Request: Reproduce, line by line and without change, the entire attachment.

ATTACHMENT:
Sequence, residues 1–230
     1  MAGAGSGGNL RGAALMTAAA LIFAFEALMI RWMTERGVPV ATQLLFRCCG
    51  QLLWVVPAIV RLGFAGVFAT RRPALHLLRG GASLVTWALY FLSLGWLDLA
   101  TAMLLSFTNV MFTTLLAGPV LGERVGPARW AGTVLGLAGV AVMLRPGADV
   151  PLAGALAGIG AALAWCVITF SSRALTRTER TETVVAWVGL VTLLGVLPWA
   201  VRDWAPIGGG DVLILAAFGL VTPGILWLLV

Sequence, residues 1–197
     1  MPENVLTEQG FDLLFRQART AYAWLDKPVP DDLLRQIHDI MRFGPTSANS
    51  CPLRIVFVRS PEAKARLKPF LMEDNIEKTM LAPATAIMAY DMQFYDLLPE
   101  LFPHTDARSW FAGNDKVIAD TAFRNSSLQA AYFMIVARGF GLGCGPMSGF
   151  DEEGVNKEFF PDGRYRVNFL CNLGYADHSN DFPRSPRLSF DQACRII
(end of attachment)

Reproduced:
Sequence, residues 1–230
     1  MAGAGSGGNL RGAALMTAAA LIFAFEALMI RWMTERGVPV ATQLLFRCCG
    51  QLLWVVPAIV RLGFAGVFAT RRPALHLLRG GASLVTWALY FLSLGWLDLA
   101  TAMLLSFTNV MFTTLLAGPV LGERVGPARW AGTVLGLAGV AVMLRPGADV
   151  PLAGALAGIG AALAWCVITF SSRALTRTER TETVVAWVGL VTLLGVLPWA
   201  VRDWAPIGGG DVLILAAFGL VTPGILWLLV

Sequence, residues 1–197
     1  MPENVLTEQG FDLLFRQART AYAWLDKPVP DDLLRQIHDI MRFGPTSANS
    51  CPLRIVFVRS PEAKARLKPF LMEDNIEKTM LAPATAIMAY DMQFYDLLPE
   101  LFPHTDARSW FAGNDKVIAD TAFRNSSLQA AYFMIVARGF GLGCGPMSGF
   151  DEEGVNKEFF PDGRYRVNFL CNLGYADHSN DFPRSPRLSF DQACRII